Primary Instrument: Band/orchestra
When the combustible four-man force of musical nature known as Turning Point took over the Phoenix club scene in the mid-90s, the desert city's nights truly became as steamy as its days. Establishing itself before packed houses at hotspots like The Famous Door and Beeloes, and later becoming regional sensations playing some 200 dates a year, the band grew to embody the freewheeling creative spirit of indie music. Drawing on each member's musical and cultural background, Turning Point forged an eclectic sound that mixed progressive jazz with rock, R&B and blues, with touches of Greek music and--paying homage to their home in the Southwest--Latin jazz. The title of Matador, Turning Point's Native Language debut and sixth album overall, perfectly captures the band's bold evolution into a true rock instrumental powerhouse.
We've always strived to be diverse in everything we do, and Matador is the best example yet of this no holds barred approach, says guitarist Thano Sahnas. Since we never stop performing, we're able to try out every brand new song onstage to see what works best. Audiences will literally hear our songs for a year before we officially record them, and it's fun to watch as they evolve. A bullfight is a fight to the death. A bullfight is a fight to the death, and there's definitely a double entendre in the title. We're out there fighting every day, and we're going to win.
The four members of Turning Point--Thano Sahnas, his brother Demitri Sahnas (acoustic and fretless bass), keyboardist Steve Culp and drummer/percussionist John Herrera--faced a lot of flak in their early years for creating a genre practically unto themselves defying music industry convention. This initial resistance inspired them to push the envelope even further, and the payoff with audiences has been phenomenal. Their music appeals to fans of many of the top rock, R&B and smooth jazz artists they have opened for, from Michael McDonald to Little Feat, chill performer Praful, acid jazzers Down To the Bone and The Rippingtons.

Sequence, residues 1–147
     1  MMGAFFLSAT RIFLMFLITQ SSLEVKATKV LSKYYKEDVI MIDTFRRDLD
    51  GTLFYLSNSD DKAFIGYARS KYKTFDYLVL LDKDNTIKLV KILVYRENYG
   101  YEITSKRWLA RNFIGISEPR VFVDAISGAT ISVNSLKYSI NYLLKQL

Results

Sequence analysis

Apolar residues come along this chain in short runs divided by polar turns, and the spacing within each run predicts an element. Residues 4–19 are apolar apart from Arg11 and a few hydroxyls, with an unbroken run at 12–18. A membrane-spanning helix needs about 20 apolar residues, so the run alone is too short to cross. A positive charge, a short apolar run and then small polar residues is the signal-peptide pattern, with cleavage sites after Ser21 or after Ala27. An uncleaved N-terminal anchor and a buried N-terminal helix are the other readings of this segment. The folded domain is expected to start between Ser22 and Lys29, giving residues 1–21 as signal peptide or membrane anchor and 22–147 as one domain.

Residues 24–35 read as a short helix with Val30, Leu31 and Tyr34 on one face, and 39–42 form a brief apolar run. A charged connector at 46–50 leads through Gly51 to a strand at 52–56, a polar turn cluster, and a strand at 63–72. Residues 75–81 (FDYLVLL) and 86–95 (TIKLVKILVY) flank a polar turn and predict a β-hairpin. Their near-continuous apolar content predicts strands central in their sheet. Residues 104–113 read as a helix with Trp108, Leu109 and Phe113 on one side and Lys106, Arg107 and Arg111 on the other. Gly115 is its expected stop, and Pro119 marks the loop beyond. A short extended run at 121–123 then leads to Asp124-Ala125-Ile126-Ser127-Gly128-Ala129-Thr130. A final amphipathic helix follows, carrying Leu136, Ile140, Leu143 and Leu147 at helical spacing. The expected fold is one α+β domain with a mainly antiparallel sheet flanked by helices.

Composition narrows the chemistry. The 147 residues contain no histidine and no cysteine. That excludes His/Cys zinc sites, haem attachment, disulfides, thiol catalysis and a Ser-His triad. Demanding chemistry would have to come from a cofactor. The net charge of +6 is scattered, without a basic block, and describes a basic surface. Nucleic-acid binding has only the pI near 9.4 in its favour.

Turning Point has received acclaim for all of its previous releases, beginning with a self titled debut in 1995 and including A Cool Jazzy Christmas (1996), Together (1998), Bridges (1999) and A Thousand Stories (2000), which was produced by famed bassist Brian Bromberg and released nationally by A440 Music. Together earned the band its largest national audience, receiving airplay on more than 40 smooth jazz stations. Yet the eleven tracks on Matador capture the band on the cusp of reaching its creative potential, and the addition of saxophonist Dominic Amato as a featured player on the record has allowed Turning Point to stretch their musicality even further.
The album's first single is Quisiera Ser, a crisp and funk-driven cover of a Latin Grammy winning song by South American superstar Alejandro Sanz, highlighted by Thano Sahnas' snappy flamenco flair. The Latin influence is also in effect on Spain and Matador, both turbo charged flamenco rock adventures featuring a fiery horn section and wild, rolling grooves; in addition to featuring a soaring violin solo by guest star Charlie Bisharat, Spain also has a nouveau be-bop vibe courtesy of Culp's energetic Rhodes-flavored keyboard solo. Moving in a more tropical direction, Despues De Manana is a joyful island dance number that beautifully combines Thano Sahnas' lush acoustic strumming and Culp's playful solos. The Sahnas brothers bring their Greek heritage to Rhapsody For Priapus, an ode to the Greek god of virility that cools into a moody romantic mode.